Meet the Euphorbiaceae

Poinsettias_20091218_PLH_5602

I can guarantee that you are familiar with at least one member of the plant family Euphorbiaceae. Especially at this time of year, we decorate our halls not just with boughs of holly, but with Poinsettias. Typically bright red, you can now purchase plants with flowers in shades of white and peach, and even a variegated combination.

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Leafy Spurge? Noooo!!!

Jean K. Tool SWA along I-76 to Brush LAH 015

What grows one to three feet high, has small blue-green leaves, clusters of pretty yellow flowers, and is a stubborn, nasty, and aggressive noxious weed that is supported by an extensive system of underground stems? Probably the only good news is that it isn’t typically a weed in most landscapes, but if you’ve been out hiking much lately, you’ve likely encountered Leafy Spurge.

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Crown of Thorns

euphorbia-splendens_crown-of-thorns_blkforest_lah_6087Tomorrow is Good Friday, the day Jesus wore a crown of thorns.  In visualizing that painful headpiece, it helps me to think about the sharp spikes on the plant with the same name.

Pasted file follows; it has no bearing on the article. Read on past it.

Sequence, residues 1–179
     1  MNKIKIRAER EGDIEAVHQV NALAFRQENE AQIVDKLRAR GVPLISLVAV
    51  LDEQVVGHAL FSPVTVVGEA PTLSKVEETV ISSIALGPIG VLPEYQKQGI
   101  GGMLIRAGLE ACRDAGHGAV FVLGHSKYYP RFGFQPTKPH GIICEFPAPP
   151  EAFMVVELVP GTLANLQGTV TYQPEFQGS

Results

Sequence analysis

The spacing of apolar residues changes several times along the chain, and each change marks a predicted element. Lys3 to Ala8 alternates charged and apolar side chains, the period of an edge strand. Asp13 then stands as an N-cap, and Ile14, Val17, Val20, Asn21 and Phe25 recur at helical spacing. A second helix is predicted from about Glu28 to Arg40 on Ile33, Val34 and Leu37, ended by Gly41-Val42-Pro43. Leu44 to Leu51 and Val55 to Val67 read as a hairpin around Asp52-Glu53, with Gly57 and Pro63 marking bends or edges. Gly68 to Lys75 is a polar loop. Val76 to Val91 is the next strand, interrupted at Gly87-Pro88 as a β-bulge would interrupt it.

As the scientific name indicates, Euphorbia Milii is first cousin to other Euphorbias, including poinsettias, the wide variety of spurges, and Snow on the Mountain. All these species share common characteristics such as inconspicuous flowers surrounded by showy bracts, and a toxic, thick, milky sap. This latex can not only cause skin irritation, but if it comes in contact with a mucous membrane, extremely painful inflammation can result. Some species’ sap is even carcinogenic.

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